4 Programs to Promote Workplace Learning
There’s a lot of talk about the value of hiring top talent, but what about creating top talent? If you’re having trouble finding the skillset you need, there are lots of areas where HR can help put programs in place to guide employees’ on-the-job development.
1. Tuition reimbursement is not just a powerful benefit to entice talent, but it also helps foster a culture of learning at your workplace. Just ask Starbucks. On June 15 Starbucks and Arizona State University introduced the Starbucks College Achievement Plan, a program designed to allow eligible partners to finish a bachelor’s degree with full tuition reimbursement for juniors and seniors. Partners working an average of 20 hours per week at any company-operated store are able to choose from more than 40 undergraduate degree programs taught at ASU.
Small businesses don’t have the resources of Starbucks behind them, but it is possible to offer a tuition reimbursement plan that can act as an enticement for potential employees while furthering your current employees’ professional growth. Consider reimbursement for the costs of books or offering flextime that allows students to take advantage of daytime classes. Or, follow Bankrate.com’s “ABCDs of tuition reimbursement” in creating a policy for your tuition reimbursement plan:
- ‘A’ is for amounts: A limitation of coverage is a standard procedure, and for small businesses this can be a set dollar amount.
- ‘B’ is for B grade or better: Some companies only pay for employees who excel, while others offer tiered programs that reduce the rate reimbursed as the grades get lower.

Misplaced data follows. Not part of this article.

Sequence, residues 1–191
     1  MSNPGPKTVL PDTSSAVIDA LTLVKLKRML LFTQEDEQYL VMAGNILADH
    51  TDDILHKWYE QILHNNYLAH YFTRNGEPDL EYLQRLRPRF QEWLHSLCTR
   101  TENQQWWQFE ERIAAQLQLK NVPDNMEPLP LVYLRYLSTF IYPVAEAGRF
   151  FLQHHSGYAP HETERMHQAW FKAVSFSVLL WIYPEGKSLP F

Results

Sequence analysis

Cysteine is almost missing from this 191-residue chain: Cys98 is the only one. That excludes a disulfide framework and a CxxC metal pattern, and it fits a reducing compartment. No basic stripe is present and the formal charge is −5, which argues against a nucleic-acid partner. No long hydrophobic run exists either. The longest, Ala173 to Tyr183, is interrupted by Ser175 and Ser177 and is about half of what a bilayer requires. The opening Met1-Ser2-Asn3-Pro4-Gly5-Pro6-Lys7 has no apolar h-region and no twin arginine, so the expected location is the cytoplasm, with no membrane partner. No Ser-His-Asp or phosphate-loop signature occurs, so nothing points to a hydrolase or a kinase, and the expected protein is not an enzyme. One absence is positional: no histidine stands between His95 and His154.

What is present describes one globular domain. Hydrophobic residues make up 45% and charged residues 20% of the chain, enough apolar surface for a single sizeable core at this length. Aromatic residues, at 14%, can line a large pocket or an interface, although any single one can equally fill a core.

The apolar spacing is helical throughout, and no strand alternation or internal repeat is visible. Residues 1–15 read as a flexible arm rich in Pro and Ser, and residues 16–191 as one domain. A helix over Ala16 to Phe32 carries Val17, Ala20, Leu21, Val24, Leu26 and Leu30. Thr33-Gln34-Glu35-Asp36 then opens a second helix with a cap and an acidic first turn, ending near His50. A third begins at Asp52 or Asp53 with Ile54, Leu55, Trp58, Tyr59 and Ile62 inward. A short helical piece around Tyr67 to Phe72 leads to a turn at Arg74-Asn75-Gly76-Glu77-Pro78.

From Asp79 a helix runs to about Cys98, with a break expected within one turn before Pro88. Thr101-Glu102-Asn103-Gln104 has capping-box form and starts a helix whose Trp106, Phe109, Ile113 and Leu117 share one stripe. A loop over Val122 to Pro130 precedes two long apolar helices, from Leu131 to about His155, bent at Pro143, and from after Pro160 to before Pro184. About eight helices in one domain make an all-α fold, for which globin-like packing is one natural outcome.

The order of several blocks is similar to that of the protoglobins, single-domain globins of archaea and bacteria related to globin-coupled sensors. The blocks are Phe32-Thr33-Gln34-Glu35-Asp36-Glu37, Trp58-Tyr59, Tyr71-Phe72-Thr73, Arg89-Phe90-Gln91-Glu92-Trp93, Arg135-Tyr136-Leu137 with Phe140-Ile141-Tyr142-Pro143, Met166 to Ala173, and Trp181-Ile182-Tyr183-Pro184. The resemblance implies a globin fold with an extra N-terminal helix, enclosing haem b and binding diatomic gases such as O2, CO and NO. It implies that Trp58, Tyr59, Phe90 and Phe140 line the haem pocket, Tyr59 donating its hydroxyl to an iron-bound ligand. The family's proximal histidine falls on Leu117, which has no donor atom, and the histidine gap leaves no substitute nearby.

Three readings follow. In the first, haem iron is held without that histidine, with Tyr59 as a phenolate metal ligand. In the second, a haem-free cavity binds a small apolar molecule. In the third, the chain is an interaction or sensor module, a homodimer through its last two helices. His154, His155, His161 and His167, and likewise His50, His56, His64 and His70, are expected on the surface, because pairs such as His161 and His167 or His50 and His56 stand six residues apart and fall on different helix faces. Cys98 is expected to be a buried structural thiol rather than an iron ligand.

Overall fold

- ‘C’ is for contractual obligations: It’s standard to require employees to be with the company a set number of years before offering to cover classes, and many companies may require a commitment to remain with the company for a number of years after payment, or forfeit that money.
- ‘D’ is for degrees covered: By covering the costs of degrees relevant to your company, the company will recoup costs in the long run.
2. Apprenticeships may not be common in the United States, but they are the ultimate opportunity for providing workers with the skillset you need. Much like an internship, apprentices are seeking learning opportunities, but unlike internships these workers are typically sure of the career they want and are ready to bring a thirst for knowledge to your company.
And apprenticeships do continue to get attention. For example, in June the U.S. Department of Labor announced a total of $1,938,182 in grants through the Women in Apprenticeship and Nontraditional Occupations program, an initiative designed to recruit, train and retain women in high-skill occupations in advanced manufacturing, transportation, energy, construction, information technology and other industries.
3. A mentorship program is another great tool for helping talented employees gain the skills they need to excel at your workplace. HR is a perfect place to coordinate such a program, pairing experienced employees with a new protégé. Both members of the mentee relationship stand to benefit from the one-on-one exchange of ideas and such programs go far in creating a culture of learning.
Having trouble convincing your leadership to take on the supposed “burden” of this teaching position? Chronus, a provider of mentoring and talent development solutions, points to a number of benefits for mentors including building senior employees’ leadership skills and abilities. In addition, reverse mentoring, where younger employees show seasoned workers the ropes in social media or other forms of technology, gains in popularity.
4. The lunch-and-learn is the ultimate multitasking tool—but these working breaks don’t have to be all about business. Encourage employees to bring their hobbies to work and take time on a monthly or weekly basis to teach their colleagues something about which they feel passionate. After all, a passion for learning is a good sign from an employee marked for future growth at your company.